by Chris Ames
The Daily Mail carries a tremendous piece by John Kampfner on the current government’s use of the Freedom of Information Act veto to block disclosure of the pre-war Cabinet minutes:
The decision not to release official papers on the Iraq war exposes yet again how the political class thinks it is above public scrutiny.
But there is no shortage of information publicly available about what happened, thanks to books, politicians’ memoirs, newspaper articles and documentaries.
Many of those involved, from Blair to his aides Alastair Campbell, Jonathan Powell and Peter Mandelson, have put their self-justifying defences into the public domain first — earning handsome publishing and newspaper serialisation fees. In doing so they have used the same spin tactics they deployed in government. Meanwhile — irony of ironies — Blair is paid millions to travel the world telling foreigners how to resolve their conflicts.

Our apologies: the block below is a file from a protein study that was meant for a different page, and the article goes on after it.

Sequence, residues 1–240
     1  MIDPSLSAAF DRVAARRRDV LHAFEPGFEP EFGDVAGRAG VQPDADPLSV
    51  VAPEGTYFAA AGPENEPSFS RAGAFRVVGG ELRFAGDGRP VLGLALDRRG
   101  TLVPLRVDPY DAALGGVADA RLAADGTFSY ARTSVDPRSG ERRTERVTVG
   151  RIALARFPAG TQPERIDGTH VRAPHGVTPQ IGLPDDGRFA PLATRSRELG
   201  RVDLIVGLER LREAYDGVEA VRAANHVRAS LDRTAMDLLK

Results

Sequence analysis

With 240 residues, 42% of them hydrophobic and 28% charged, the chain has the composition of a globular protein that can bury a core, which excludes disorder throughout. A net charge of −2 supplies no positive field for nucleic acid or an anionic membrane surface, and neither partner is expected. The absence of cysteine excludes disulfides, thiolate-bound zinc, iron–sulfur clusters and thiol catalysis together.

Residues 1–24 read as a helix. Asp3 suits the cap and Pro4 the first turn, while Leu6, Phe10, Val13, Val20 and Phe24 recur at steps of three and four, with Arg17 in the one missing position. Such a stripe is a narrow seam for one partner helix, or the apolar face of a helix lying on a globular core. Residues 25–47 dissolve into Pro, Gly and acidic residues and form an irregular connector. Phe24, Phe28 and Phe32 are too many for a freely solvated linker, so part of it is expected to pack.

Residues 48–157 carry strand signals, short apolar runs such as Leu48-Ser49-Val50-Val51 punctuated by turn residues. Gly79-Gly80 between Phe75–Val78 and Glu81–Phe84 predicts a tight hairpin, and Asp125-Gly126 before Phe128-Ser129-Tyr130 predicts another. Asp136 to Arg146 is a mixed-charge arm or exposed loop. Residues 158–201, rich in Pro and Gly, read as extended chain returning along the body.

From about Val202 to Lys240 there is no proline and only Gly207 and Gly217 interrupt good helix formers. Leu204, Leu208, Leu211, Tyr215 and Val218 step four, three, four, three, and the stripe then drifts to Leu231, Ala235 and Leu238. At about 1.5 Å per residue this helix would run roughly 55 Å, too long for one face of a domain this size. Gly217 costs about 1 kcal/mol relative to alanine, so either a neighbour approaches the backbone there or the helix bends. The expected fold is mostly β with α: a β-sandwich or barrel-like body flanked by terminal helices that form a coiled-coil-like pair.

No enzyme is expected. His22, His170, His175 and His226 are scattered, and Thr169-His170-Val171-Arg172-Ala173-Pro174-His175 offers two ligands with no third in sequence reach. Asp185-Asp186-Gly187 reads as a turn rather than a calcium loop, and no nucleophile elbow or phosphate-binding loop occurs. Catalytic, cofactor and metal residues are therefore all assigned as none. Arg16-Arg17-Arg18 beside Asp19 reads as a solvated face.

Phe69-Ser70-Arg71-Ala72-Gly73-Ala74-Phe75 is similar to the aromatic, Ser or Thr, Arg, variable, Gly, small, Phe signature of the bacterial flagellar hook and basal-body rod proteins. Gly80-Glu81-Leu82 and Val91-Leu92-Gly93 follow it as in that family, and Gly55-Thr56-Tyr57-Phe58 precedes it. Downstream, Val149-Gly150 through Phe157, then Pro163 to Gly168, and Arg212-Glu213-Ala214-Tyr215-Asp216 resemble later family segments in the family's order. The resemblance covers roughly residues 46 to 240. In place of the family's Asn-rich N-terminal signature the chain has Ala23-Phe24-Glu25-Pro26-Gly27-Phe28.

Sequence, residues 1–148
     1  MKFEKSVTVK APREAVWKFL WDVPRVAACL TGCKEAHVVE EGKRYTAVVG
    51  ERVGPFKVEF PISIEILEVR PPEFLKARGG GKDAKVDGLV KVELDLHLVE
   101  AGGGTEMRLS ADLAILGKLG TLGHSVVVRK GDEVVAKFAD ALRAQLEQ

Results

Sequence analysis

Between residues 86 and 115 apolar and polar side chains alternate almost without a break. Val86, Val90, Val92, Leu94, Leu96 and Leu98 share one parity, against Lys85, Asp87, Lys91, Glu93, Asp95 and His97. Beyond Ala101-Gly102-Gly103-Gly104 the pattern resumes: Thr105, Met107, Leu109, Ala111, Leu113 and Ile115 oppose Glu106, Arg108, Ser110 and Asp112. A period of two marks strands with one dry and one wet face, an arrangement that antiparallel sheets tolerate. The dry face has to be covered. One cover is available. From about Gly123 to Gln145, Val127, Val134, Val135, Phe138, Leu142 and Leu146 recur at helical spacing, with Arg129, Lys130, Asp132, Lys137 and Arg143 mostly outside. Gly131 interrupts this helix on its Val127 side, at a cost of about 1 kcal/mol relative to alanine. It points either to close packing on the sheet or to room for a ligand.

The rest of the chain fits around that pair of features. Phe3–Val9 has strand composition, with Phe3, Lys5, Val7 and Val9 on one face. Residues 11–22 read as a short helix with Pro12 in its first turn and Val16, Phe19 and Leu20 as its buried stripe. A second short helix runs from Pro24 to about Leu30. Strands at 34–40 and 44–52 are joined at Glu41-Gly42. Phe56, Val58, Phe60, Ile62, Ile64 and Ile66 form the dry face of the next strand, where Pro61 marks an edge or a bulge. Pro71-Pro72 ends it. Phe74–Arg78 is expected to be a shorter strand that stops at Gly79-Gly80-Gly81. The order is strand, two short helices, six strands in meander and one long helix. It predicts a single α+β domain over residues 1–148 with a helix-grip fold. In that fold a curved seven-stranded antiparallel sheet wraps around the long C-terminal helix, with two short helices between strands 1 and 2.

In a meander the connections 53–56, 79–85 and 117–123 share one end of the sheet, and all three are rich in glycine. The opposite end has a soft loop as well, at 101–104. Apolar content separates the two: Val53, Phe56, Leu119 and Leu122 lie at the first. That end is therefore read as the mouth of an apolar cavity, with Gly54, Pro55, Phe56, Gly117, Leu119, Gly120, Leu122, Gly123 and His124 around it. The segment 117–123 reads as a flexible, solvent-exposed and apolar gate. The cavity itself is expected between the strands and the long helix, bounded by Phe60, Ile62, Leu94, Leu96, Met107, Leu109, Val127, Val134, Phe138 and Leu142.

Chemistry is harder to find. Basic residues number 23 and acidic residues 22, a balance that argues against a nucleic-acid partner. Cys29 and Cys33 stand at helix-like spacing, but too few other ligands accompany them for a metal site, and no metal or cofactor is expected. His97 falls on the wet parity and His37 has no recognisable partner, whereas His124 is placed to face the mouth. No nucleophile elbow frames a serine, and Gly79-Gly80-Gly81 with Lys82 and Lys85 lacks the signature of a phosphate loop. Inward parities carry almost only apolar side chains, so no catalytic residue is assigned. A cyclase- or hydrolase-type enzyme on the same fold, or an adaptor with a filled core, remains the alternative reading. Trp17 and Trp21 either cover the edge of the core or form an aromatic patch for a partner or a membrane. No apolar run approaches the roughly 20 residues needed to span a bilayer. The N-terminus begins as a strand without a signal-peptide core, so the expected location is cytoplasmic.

The hypocrisy of all this is extraordinary.
At the same time as cashing in on their accounts of the war, successive members of the political class have closed ranks to stop the public from finding out the truth of what went on.
Dominic Grieve is just the latest name to be added to this list which includes Labour’s Jack Straw, who also banned the release of Cabinet minutes covering the Iraq war.
Most sickeningly, there seems to be one law for politicians and another for everybody else.
As Chris Lamb, who has twice used FOI to try to get the Cabinet minutes released, has pointed out, what is being protected is not good government in a safe space, but a complete failure of Cabinet government to give sufficient discussion to a massive issue. That is what the political class is concealing.